New Pilot Program to Audit Hospital Bills

Medicare Program Promotes Bounty-Hunter Zeitgeist” Mentality

[By Dr. David Edward Marcinko; MBA]

Publisher-in-Chief dem2

According to a recent report in the Wall Street Journal, hospital groups have launched a vigorous campaign against expanding a pilot program to audit Medicare claims. And, it seems the most onerous aspect of the program is a contingency fee-schedule that encourages auditors to be aggressive.

Evolving Program Details

The program initially launched in California, Florida and New York and soon to be expanded nationwide, recouped $247.4 million in overpayments in fiscal year 2007 alone. It relies on private-sector auditing firms to examine claims filed by hospitals and other medical providers and then pays them contingency fees based on how much the government saves. 

Outcomes-to-Date

As an example of its success, the WSJ reported that in FY 2007, auditors identified $357 million in overpayments [$17.8 million or 7.1% of which were overturned on appeal], according to the Centers for Medicare and Medicaid Services [CMS]. Payments for contingency fees and other administrative expenses totaled $77.7 million. Auditors also found $14.3 million in Medicare underpayments.

Support versus Criticism

While supporters of the program say the contingency fees serve as an incentive, critics say it encourages auditors to rely on a “‘bounty hunter’ payment mechanism.”  

Same old Economic Song

Of course, most long-time observes of the compliance and audit scene realize that this zealous zeitgeist mentality is not new.

For example, under the Health Insurance Portability Accountability Act [HIPAA], the Department of Health and Human Service [HHS] started an “Incentive Program for Fraud and Abuse Information” [IPFAI] almost a decade ago.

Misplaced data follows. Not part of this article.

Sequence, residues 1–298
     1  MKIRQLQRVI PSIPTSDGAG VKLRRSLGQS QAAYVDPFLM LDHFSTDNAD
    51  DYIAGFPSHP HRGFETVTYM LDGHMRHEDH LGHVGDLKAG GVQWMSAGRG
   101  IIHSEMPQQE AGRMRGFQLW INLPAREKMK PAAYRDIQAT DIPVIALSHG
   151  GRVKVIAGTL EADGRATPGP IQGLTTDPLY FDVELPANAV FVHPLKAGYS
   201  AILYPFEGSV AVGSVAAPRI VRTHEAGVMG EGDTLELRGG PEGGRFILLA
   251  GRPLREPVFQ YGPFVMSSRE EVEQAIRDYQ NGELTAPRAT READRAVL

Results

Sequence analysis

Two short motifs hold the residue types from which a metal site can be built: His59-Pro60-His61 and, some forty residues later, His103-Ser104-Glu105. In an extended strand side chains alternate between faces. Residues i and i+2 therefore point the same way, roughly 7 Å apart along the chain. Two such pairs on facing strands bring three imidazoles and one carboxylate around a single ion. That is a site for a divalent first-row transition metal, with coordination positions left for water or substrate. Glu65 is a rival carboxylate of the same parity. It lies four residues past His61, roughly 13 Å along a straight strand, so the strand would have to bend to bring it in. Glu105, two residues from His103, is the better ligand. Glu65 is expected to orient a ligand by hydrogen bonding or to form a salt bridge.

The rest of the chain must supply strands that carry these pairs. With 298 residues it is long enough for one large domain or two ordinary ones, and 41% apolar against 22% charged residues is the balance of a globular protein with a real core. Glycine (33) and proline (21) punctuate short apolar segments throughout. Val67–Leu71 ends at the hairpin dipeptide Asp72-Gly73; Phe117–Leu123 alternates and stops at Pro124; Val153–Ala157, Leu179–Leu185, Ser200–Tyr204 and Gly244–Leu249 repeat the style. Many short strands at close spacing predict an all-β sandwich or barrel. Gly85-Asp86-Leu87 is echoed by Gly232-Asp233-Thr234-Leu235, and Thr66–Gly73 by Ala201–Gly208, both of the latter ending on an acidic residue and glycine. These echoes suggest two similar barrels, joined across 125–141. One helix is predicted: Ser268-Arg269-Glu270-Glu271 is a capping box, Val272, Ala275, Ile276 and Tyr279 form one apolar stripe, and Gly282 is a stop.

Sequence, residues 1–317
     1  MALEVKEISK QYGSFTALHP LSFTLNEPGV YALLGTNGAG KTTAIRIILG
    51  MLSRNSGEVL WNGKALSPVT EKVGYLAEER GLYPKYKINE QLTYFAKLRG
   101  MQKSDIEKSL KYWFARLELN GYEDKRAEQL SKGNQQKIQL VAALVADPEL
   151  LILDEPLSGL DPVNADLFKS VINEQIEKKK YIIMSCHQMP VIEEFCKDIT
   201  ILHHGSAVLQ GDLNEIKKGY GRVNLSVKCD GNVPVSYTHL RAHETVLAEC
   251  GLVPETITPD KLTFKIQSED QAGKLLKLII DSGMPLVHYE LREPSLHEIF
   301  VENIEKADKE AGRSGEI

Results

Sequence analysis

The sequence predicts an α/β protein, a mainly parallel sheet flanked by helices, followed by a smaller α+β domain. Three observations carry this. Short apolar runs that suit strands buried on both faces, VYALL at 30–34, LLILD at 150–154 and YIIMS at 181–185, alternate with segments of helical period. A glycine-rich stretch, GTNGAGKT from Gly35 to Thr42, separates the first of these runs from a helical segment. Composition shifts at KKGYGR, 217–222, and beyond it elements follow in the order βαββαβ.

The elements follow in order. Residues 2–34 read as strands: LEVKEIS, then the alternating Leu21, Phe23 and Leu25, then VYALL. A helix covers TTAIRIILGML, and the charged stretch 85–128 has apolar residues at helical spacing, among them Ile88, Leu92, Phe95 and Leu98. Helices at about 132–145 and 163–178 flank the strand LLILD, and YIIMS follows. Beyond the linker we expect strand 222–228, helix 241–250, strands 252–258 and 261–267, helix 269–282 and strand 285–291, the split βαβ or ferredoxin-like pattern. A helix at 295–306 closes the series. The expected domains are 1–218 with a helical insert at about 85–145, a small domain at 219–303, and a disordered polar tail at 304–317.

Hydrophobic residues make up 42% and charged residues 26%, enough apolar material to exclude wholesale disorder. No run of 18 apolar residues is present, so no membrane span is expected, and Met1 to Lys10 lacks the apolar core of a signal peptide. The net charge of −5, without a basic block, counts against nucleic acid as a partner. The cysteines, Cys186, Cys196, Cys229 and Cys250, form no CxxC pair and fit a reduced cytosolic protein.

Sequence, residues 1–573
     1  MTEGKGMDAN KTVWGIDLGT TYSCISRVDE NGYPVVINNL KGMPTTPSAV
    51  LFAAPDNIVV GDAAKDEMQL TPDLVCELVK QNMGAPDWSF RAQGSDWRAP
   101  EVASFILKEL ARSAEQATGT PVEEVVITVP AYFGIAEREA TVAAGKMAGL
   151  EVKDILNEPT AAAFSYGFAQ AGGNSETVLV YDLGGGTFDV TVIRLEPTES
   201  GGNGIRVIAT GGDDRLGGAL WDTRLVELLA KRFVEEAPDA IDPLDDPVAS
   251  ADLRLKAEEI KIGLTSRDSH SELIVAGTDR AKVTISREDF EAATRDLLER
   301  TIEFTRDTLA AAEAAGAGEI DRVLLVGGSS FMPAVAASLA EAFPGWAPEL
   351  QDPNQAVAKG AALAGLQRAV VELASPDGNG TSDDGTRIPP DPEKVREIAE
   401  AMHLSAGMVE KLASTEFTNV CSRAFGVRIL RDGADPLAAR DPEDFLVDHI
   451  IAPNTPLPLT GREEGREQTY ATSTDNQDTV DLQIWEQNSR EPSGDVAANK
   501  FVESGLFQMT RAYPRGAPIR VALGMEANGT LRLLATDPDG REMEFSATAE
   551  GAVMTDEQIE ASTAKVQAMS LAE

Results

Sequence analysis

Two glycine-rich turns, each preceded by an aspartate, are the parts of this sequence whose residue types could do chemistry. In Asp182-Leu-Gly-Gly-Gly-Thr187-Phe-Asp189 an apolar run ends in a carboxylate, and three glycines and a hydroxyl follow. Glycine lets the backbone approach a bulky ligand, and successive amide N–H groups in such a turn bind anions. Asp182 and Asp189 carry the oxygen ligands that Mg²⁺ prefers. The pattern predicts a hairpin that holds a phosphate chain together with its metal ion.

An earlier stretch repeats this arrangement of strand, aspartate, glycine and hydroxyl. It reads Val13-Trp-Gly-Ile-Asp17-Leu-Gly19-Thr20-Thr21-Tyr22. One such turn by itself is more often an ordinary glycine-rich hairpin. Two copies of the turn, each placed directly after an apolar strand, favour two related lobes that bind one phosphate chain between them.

In that January 1999 pilot program – which continues in modified form – HHS paid fees ranging from $100-1,000 to Medicare recipients who reported abuse. To assist patients in spotting fraud, HHS even published examples of physician potential fraud, which include: 

  • Medical services not provided
  • Duplicate services or procedures
  • More expenses services or procedures than provided (upcoding / billing)
  • Misused Medicare cards and numbers
  • Medical telemarketing scams
  • Non-medical necessity, etc. 

To discourage flagrant allegations regulations require that reported information needed to directly contribute to monetary recovery for activities not already under investigation. 

Assessment

Nevertheless, expect a further erosion of patient confidence, as CMS continues to view all healthcare providers – and now hospitals and related healthcare organizations – in the same light as “bounty- hunters”. 

Ironically, this precise same phenomenon was reported in both the first and second editions of the book “The Business of Medical Practice”. 

And so, please remember all medical colleagues – forewarned is forearmed. 

More information: http://www.springerpub.com/prod.aspx?prod_id=23759 

Speaker: If you need a moderator or a speaker for an upcoming event, Dr. David Edward Marcinko; MBA is available for speaking engagements. Contact him at: MarcinkoAdvisors@msn.com

 

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Inheritance “Disclaimer”

What all Physicians Should Know

By Lawrence E. Howes; CFP™

By Joel B. Javer; CFP™fp-book1